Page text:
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How to Fix Racial Bias in Genetic Databases

Most genetic research involves white Europeans. Are we at risk of missing out on new therapies and precision medicines as a result? 

Ever since the discovery of DNA, the field of genetics has seen some of science’s most ground-breaking achievements to date; such as cloning, genome sequencing, and vital research into disease prevention. Millions of lives have been saved and improved as a result.  

Yet despite these milestones, genetic research has almost exclusively focused on people of European descent, which has worryingly resulted in a lack of genetic information of people from other populations. But what have been the implications of this genetic bias? And what efforts are being undertaken to rectify this issue?  

In this virtual event as part of the Science Museum Group’s Open Talk series, a panel of experts in the study of genetics discuss the problems caused by genetic data bias, as well as the innovative attempts that have been made to better represent our diverse species within genetic databases.  

Speakers include:  

  • Professor David van Heel—Professor of Genetics, Queen Mary University London; Chief Investigator at Genes & Health, a study working to analyse the genes of Bangladeshi and Pakistani people.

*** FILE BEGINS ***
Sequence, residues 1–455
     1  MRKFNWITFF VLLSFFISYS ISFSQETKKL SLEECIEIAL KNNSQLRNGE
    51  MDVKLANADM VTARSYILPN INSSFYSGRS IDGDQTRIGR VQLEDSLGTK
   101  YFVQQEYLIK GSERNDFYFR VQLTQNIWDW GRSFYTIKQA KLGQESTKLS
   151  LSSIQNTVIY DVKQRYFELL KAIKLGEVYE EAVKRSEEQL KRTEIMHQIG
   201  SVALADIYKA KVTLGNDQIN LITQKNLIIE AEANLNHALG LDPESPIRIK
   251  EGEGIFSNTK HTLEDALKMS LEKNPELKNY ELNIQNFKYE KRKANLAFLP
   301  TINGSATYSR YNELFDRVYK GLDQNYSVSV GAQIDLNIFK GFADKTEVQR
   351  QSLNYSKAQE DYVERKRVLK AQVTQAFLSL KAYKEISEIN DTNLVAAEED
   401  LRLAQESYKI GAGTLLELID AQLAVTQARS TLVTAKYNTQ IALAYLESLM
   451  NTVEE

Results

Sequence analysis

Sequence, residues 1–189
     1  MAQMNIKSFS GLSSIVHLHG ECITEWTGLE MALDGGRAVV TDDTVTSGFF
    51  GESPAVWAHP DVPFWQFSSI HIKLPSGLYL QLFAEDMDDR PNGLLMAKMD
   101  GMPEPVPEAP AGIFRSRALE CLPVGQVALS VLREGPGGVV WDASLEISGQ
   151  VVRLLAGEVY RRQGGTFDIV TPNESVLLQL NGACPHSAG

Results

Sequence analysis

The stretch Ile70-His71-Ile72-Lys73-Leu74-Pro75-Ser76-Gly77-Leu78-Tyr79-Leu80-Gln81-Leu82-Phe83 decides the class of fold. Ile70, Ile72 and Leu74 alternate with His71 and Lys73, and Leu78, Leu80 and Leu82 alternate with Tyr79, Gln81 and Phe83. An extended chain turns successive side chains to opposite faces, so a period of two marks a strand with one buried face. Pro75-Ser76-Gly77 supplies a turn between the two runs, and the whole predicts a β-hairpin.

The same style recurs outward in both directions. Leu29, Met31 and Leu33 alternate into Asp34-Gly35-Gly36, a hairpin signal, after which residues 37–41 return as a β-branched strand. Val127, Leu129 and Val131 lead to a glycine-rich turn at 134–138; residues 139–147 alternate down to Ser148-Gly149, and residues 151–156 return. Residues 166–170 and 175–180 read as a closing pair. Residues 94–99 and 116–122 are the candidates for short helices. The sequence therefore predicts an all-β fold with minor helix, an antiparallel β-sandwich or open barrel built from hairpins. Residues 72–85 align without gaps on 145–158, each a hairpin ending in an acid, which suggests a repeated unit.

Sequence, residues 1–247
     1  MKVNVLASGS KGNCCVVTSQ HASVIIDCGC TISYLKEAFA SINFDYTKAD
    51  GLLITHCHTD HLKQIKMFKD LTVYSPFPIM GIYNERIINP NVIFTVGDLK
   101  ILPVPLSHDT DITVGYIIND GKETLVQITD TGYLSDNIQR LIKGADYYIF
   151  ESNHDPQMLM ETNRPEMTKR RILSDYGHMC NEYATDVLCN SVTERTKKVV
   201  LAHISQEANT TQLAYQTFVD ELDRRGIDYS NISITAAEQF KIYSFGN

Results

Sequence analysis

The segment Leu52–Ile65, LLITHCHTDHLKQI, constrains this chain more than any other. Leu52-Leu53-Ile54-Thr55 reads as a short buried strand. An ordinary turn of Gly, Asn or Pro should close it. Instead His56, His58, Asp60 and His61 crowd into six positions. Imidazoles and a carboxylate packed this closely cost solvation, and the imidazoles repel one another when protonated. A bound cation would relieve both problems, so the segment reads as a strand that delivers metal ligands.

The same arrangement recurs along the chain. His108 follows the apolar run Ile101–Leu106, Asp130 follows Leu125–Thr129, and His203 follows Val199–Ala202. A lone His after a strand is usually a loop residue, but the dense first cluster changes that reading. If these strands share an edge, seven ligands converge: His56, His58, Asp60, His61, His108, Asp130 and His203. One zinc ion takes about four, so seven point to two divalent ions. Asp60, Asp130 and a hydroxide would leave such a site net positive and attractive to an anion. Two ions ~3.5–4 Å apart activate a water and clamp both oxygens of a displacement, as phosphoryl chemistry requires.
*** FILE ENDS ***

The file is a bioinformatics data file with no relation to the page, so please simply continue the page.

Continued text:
• Aarathi Prasad (Chair)—Author, biologist and broadcaster; Honorary Research Fellow at University College London’s Department of Genetics, Evolution and Environment.
  • Dr Janina Jeff—Geneticist, senior bioinformatics scientist with Illumina, and host of In Those Genes, a podcast that uses genetics to uncover the lost identities of African descended Americans.
  • Ananyo Choudhury—Senior Scientist and Reader for the Sydney Brenner Institute for Molecular Bioscience at the University of the Witwatersrand.

Find out more about this issue and why it’s so important for our future health in this new blog from Science Director Roger Highfield: Genetic data bias, why it matters and how to fix it - Science Museum Group Blog

Scheduled dates